The great thing is that a lot of the folks we talked to really listened. We had fantastic conversations with legislators in both houses of Congress, and on both sides of the political spectrum. By far the best meetings we had on the Hill were our sit-downs with Senator Jerry Moran of Kansas and Representative Jason Chaffetz of Utah – two Republican Congressional leaders who listened intently to what we had to say, and who really seemed to understand our concerns.
Our concerns center around jobs and innovation and the economy. But at the same time we acknowledge and respect of the plight of copyright holders, who should have sensible recourse to address piracy on the Internet. We spent a lot of time discussing smarter ways to approach solving these same problems—ones that would continue to provide American sites with the business stability that traditional due process of law provides.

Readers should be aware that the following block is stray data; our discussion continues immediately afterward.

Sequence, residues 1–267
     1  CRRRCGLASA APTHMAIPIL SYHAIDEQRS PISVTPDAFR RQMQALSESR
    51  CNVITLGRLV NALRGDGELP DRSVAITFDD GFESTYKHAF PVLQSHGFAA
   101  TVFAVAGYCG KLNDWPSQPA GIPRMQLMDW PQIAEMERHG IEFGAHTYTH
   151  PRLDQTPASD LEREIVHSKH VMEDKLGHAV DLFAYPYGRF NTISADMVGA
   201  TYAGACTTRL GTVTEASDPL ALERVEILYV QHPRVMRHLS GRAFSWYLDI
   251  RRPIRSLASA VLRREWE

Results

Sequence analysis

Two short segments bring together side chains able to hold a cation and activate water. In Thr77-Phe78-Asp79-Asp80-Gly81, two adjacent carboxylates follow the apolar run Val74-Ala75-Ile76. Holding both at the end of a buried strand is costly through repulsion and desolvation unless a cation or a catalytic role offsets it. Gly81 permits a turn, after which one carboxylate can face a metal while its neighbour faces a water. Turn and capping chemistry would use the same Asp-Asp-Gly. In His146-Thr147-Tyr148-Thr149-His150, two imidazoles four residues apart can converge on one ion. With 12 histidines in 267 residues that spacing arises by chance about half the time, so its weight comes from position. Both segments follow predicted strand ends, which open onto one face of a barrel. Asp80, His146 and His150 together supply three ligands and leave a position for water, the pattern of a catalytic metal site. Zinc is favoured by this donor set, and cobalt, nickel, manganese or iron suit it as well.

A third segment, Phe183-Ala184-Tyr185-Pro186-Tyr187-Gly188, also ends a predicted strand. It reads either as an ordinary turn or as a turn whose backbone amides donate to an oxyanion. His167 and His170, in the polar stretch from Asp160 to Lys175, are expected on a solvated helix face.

This is a vitally important issue for the Internet, and our work is far from over. If you’re a host, or a reseller, these bills can still severely damage your business, and you still need to worry about them. Bottom line: we still urgently need your help. In addition to reaching out to your own Representatives and Senators to let them know you oppose PIPA (in the Senate) and SOPA (in the House), I strongly encourage you you check out SaveHosting.org and sign on to our two letters opposing those pieces of legislation. Help us keep the Internet in America free, fair and competitive.
Also, take a look at a statement I provided to Congress prior to their hearing on SOPA on November 16th.
And finally — please take a moment to sign the petitions here:
I don’t want to get too wound up about this, but there’s something else I want to say: what yesterday’s activities taught me was that democracy can still work, if enough smart, dedicated people get involved. I didn’t see any partisan pettiness yesterday. I heard intelligent, sensible people talking to each other, trying to do the right thing for the internet industry and for our country. I learned that informed, reasonable people can make a difference. You can make a difference. Please help. Sign our petitions, and call or write your congressman today.